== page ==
‘Save L.A. Cougars’ works for wildlife crossing over 101: What would it look like?
A bridge for wildlife to safely cross the 101 Freeway. It could happen.
The “Save L.A. Cougars” group is pushing for some kind of wildlife crossing that would provide safe passage. Supporters held a rally Friday morning near Liberty Canyon Road in Agoura Hills, the site of a proposed crossing that would link habitat on either side of one of the world’s busiest freeways.
As the L.A. Times’ Martha Groves reported Thursday, it’s hoped that cougars, bobcats and other animals would make it safely from one side to the other, giving them more room to roam, and to find food and mates.
Animals, large and small, regularly meet a grisly end on Southern California roadways. Earlier this year, three mountain lion kittens died after being hit by cars as they tried to cross area roads. The National Wildlife Federation has counted 13 mountain lion fatalities in traffic accidents in a 12-year study.
So what would this crossing look like?
They exist in many other places in the U.S. and internationally. Banff National Park in Canada has 44 wildlife crossings alone -- six overpasses and 38 underpasses. The park monitors the wildlife crossings, snapping pictures of its use with remote cameras.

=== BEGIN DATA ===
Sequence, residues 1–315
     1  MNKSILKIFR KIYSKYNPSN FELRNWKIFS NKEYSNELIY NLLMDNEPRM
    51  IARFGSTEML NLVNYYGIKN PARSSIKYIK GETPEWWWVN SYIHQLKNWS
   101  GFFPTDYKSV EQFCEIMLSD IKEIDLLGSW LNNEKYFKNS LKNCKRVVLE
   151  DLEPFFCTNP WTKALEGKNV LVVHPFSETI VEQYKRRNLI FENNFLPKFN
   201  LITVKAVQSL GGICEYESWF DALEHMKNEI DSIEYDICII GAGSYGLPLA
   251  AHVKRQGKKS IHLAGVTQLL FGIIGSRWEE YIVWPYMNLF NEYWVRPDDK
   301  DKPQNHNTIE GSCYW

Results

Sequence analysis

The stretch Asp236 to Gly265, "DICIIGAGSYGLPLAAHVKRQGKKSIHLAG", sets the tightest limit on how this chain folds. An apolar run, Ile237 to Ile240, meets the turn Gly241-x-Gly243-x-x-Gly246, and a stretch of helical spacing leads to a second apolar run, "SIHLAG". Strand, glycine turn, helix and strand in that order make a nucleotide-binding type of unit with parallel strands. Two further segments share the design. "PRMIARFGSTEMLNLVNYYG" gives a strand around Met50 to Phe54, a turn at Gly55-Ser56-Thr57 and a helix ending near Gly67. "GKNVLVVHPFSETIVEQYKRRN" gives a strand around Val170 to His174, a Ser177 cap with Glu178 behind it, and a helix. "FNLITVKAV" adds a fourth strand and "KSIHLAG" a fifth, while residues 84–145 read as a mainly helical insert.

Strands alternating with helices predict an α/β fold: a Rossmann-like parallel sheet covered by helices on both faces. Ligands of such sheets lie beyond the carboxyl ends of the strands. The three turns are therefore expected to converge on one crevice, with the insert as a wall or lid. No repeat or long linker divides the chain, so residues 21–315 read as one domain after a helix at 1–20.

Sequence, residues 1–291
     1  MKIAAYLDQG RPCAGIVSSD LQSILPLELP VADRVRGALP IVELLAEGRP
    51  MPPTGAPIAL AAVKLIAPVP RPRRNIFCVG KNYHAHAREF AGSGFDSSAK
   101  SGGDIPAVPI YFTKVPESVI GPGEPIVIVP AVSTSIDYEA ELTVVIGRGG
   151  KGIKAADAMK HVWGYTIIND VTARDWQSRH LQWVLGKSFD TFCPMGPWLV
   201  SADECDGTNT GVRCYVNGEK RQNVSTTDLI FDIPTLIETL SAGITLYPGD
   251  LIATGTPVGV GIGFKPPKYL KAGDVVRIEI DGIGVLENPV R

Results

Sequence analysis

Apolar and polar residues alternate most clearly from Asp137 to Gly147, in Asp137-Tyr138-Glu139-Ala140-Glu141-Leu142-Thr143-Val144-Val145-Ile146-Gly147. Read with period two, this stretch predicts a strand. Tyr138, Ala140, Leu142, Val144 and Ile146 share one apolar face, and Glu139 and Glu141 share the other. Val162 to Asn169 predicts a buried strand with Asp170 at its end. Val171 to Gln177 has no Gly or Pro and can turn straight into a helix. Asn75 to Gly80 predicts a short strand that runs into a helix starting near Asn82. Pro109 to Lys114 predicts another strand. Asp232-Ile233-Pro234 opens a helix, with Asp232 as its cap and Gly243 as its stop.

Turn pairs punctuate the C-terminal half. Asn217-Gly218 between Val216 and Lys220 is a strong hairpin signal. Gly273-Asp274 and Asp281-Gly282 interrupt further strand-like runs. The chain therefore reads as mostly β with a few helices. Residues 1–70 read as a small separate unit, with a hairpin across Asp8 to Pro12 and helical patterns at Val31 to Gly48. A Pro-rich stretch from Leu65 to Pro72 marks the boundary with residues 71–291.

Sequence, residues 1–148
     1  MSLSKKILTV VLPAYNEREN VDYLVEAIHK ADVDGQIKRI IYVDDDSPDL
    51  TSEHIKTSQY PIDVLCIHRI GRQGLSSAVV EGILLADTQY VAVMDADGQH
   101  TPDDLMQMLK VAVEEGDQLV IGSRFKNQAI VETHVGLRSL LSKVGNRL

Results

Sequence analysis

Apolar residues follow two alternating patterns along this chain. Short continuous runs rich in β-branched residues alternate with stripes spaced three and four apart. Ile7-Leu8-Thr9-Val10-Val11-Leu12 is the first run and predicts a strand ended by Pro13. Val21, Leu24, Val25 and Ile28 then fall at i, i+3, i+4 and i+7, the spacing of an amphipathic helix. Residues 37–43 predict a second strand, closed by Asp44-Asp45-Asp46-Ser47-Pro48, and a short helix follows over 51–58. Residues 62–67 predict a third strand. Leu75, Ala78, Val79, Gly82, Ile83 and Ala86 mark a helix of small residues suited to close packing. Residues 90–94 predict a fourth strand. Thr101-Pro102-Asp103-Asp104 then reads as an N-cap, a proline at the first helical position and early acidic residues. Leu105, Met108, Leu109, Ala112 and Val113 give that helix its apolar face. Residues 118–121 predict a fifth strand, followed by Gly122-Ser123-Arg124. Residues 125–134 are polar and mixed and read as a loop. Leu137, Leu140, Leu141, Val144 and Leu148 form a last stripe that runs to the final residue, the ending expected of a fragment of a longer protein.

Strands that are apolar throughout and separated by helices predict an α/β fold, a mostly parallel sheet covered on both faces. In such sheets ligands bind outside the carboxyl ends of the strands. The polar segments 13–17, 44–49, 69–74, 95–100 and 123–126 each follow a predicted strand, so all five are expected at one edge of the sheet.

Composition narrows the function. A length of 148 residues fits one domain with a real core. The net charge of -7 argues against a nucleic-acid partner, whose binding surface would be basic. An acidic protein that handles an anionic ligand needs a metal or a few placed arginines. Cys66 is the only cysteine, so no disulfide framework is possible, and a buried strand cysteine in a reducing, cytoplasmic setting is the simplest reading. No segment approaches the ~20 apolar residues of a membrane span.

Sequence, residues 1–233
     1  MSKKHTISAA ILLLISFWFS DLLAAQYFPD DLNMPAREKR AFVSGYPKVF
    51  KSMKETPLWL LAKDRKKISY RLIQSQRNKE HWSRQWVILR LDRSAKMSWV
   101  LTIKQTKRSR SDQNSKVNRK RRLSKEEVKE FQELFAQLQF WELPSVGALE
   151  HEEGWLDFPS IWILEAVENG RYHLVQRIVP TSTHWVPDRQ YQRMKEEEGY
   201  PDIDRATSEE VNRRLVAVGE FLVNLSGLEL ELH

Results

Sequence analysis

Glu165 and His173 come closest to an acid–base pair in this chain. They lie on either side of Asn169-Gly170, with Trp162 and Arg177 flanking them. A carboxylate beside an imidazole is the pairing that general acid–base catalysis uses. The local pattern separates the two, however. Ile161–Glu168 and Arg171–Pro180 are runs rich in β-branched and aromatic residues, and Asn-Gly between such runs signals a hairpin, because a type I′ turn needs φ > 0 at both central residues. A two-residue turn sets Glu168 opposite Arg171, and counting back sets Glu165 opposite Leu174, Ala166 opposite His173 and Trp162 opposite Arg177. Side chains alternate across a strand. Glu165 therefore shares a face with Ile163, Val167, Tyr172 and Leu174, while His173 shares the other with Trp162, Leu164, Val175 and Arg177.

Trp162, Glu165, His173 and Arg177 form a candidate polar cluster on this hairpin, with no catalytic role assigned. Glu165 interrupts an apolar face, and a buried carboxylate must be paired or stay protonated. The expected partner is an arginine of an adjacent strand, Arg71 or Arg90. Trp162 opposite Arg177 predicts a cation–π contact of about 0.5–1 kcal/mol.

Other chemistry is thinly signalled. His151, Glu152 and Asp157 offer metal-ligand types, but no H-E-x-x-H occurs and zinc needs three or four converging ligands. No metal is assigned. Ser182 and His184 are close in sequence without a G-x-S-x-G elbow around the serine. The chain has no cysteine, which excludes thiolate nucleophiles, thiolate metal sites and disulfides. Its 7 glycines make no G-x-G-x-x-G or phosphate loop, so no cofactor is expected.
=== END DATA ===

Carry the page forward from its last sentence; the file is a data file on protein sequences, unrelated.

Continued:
Activists had floated the idea of a tunnel under the 101, but now they are promoting the idea of a landscaped crossing. Such land bridges can look dramatic from on high. Check out this one in Scotch Plains, N.J., and this Netherlands “ecoduct.”
Banff park says animals flock to its crossing structures, pointing out that deer, coyotes, wolves, lynx, grizzly bears, elk and black bears began using wildlife crossing structures near Lake Louise while they were still under construction.
Check out some images of wildlife crossings in the gallery above.
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